Lawmakers Call Postal Reform a Priority, But Familiar Battle Lines Are Already Being Drawn
Just two weeks into the new Congress, resistance is mounting to steps such as eliminating six-day delivery.
Oversight leaders in the new Congress have promised a renewed focus on reforming the U.S. Postal Service, but the usual obstacles are already taking shape.
Reps. Gerry Connolly, D-Va., and Sam Graves, R-Mo., have introduced a resolution calling on the Postal Service to “take all appropriate measures” to continue to deliver mail six days each week. Eliminating Saturday mail delivery -- while continuing six-day package delivery -- has been perhaps the most significant hurdle preventing an agreement on postal reform.
Postal reform bills in both the House and Senate during the last Congress would have, eventually, allowed USPS to stop delivering mail on Saturday, but neither advanced further than their respective committees. USPS management attempted to move to five-day delivery unilaterally in 2012, but that effort was stymied by the Government Accountability Office, which cited a rider requiring six-day delivery included in every spending bill since 1983.
Connolly and Graves’ measure was put forward with 91 cosponsors, including members of both parties. A similar resolution in the last Congress eventually amassed 221 signatures of support.
“In attempting to stem revenue losses that result from declining first class mail volume by proposing to accelerate service cuts that will only exacerbate volume loss, the postmaster general is acting like a doctor from a prior century who wrongly believed that bleeding patients could save them,” Connolly said.
Rep. Susan Davis, D-Calif., introduced a separate measure calling on USPS to ensure the “continuation of door delivery for all business and residential customers.” Another major sticking point is that postal management has advocated the phasing out of to-the-door delivery in favor of curbside or “cluster box” distribution, which would give mail recipients their own locked boxes organized together at a common spot on their block or street. Unions and other stakeholders have voiced significant displeasure with this proposal, which was also included in last year’s legislative efforts. President Obama has endorsed both five-day and cluster box delivery.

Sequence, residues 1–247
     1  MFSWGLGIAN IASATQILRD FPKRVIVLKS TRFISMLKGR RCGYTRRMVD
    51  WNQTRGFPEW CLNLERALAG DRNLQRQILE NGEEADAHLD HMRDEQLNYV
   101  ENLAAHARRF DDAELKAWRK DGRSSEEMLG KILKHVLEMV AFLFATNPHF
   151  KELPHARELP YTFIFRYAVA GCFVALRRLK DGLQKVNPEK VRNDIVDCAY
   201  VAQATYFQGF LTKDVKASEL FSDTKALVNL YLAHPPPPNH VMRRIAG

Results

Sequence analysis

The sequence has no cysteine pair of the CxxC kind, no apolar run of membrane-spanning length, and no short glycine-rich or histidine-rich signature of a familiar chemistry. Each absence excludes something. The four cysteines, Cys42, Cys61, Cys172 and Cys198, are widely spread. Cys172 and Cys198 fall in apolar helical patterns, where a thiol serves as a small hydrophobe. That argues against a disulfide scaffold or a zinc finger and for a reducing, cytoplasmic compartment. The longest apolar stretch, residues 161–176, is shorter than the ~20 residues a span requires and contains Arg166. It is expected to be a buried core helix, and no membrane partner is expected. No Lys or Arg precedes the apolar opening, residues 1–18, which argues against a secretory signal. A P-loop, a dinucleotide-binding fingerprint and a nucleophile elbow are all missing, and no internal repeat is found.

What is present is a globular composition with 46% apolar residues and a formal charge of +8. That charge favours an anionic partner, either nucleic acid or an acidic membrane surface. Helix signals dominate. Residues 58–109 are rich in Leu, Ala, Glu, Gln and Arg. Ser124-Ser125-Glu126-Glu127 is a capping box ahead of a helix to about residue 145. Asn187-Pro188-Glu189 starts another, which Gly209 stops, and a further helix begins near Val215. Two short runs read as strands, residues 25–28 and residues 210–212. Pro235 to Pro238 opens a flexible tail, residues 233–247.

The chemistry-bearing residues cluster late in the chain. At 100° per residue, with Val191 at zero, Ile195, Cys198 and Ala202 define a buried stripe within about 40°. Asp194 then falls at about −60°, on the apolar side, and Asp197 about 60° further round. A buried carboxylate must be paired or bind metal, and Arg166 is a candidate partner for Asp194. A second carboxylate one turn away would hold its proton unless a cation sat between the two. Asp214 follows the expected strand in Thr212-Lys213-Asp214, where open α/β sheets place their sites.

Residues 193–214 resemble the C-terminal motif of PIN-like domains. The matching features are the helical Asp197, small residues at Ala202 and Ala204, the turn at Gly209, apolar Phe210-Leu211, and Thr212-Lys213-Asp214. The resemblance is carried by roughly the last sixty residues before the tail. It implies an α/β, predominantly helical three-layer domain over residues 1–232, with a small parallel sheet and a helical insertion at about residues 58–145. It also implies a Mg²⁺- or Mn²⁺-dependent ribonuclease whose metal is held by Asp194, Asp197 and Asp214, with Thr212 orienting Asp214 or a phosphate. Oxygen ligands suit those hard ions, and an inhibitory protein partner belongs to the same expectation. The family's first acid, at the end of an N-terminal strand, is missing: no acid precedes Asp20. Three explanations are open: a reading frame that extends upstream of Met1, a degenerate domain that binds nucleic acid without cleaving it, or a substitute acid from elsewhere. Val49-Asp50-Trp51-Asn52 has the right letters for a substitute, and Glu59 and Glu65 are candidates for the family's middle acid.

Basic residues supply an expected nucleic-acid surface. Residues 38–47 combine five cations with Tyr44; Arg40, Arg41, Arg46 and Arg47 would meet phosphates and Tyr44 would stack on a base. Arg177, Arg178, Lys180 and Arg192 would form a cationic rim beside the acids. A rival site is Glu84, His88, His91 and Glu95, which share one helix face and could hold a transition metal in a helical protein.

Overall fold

New committee chairs are undeterred despite the resistance, however, and have listed a comprehensive postal overhaul atop their agendas for the 114th Congress.
Rep. Mark Meadows, R-N.C., who heads the House Oversight and Government Reform Subcommittee on Government Operations -- which has the Postal Service under its purview now -- called reforming the cash-strapped agency a priority.
The committee must “find consensus to move it forward,” Meadows told Government Executive. “We need to deal with it sooner than later.”
The second term congressman conceded there are a number of issues that have the “potential to divide,” but promised to listen to the perspectives of all the relevant stakeholders. The oversight committee’s previous chairman, Rep. Darrell Issa, R-Calif., led the charge on postal reform in each of the last two Congresses, but Meadows wants to start with a “clean canvas on which to paint the picture.”
“I am optimistic about at least finding some common ground,” Meadows said. “Certainly there will be those areas that divide us, but it’s critical for the future of our postal workers as well as the postal system that we address the reform and do it in a manner that provides long-term success.”
Sen. Ron Johnson, R-Wis., the new chairman of the Senate Homeland Security and Governmental Affairs Committee, has advocated taking the Postal Service through bankruptcy. He previously told Government Executive he would push to do exactly that if he had his “druthers,” but recognizes the political resistance such a move would encounter.
Prior postal reform efforts “couldn’t get through the Senate because the Democrats are protective of union contracts,” Johnson said. “That’s the biggest impediment.”
Johnson has indicated he is open to compromise, but has not yet elaborated on what that will look like. Sen. Tom Carper, D-Del., ranking member of the Senate oversight panel and a champion of multiple efforts to legislatively restructure the Postal Service, has said he will continue searching for a way to finally deliver on reform.
The Senate’s first postal task is much simpler than passing a bill that has eluded congressional negotiators since 2006: confirm another member of the board of governors, so it can regain its quorum. Obama has nominated just one candidate, though the board has five vacancies.
Charles S. Clark contributed to this report.